Novell has fired its CEO and CFO after several quarters of anemic growth during which its main competitor, Red Hat, has grown significantly.
Novell’s Board of Directors has replaced CEO Jack Messman, who has been with the company for decades, with chief operating officer and president Ron Hovsepian, an IBM alumnus who joined Novell in 2003.
There has not been a replacement announced for the CFO, Joseph Tibbetts. Dana Russell, Novell’s current vice president of finance and corporate controller, has been appointed interim CFO until a permanent appointment is made.
“In recent months, we have adopted a comprehensive strategy, strengthened our portfolio through both acquisitions and organic growth, and divested the non-core Celerant business,” Hovsepian said in a statement. “Although we still have much to do, these steps have positioned us to take full advantage of recent trends towards a mixed source computing environment based on open source and open standards.”
Too Little Too Late?
The general consensus on Wall Street and in the industry is that the replacements are long overdue. Novell has been on a sharp decline for the last several years — occasionally slowed by various acquisitions the company has made and, recently, by a US$500 million-plus antitrust settlement from Microsoft, which gave Novell’s balance sheet a nice boost.
Unfortunately, Novell has frittered away all of its opportunities over the years, Laura DiDio, a senior analyst with the Yankee Group, told TechNewsWorld. For example, its acquisition of Suse’s Linux products a few years ago was widely viewed as a smart move. Since then, though, Novell has significantly cut its engineering resources.
Another acquisition, that of independent Web services provider Silverstream, was initially well regarded, DiDio said. “Do you hear anything about them today? No. All of the management has left the building.”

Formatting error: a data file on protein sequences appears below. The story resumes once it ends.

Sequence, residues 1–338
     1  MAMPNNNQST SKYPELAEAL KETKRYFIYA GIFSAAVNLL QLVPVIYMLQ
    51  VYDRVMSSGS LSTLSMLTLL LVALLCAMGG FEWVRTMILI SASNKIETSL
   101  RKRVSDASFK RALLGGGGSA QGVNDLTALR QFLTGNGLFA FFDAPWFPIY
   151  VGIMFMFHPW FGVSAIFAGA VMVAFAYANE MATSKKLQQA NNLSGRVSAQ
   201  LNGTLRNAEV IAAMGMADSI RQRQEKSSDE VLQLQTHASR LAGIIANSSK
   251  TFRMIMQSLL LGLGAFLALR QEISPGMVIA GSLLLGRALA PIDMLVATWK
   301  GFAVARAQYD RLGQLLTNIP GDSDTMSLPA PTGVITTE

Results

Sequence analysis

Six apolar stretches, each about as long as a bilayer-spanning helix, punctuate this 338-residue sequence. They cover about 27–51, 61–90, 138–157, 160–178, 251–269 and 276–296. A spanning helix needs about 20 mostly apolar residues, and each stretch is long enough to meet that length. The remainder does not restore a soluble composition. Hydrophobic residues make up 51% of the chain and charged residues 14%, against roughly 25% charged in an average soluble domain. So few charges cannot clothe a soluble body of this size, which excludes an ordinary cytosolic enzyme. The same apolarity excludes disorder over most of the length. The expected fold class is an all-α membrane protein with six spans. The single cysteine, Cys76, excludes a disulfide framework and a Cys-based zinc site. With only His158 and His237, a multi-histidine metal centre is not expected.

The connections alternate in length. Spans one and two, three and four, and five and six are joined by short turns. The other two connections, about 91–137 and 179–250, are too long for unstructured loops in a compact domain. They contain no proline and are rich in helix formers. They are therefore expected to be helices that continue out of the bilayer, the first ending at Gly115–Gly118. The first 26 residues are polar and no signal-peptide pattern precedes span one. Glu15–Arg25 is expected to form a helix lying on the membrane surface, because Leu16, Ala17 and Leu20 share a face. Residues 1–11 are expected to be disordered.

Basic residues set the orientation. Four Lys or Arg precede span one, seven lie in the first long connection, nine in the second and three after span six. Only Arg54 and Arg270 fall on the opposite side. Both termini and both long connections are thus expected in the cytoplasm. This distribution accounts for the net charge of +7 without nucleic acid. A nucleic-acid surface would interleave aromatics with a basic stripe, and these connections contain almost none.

Meanwhile, Red Hat has surged ahead in sales, in profitability and in growth. “It outsells Novell’s products by a ten to one margin,” she said.
Novell revealed little more of its forward strategy when it announced its executive realignment.
The company intends to maintain a focus on its Linux-based, enterprise-wide solutions, as well as its identity and resource management products. “We have innovative technology, a strong roster of customers and business partners, and an extremely talented group of employees,” Hovsepian said. “I look forward to continuing to work closely with our business partners and customers.”
To be sure, there is no shortage of advice being offered — both privately and publicly — as the company seeks to right itself. DiDio, for instance, suggested tying management performance and other bonus packages to performance.
Novell also would do well to rebuild its reseller channel, she added.
Above all, the company needs to hang onto what installed base it has left — which has remained fiercely loyal, DiDio said. “It is amazing in a way; Novell scores so well on the reliability of its products, but no one is willing to use them.”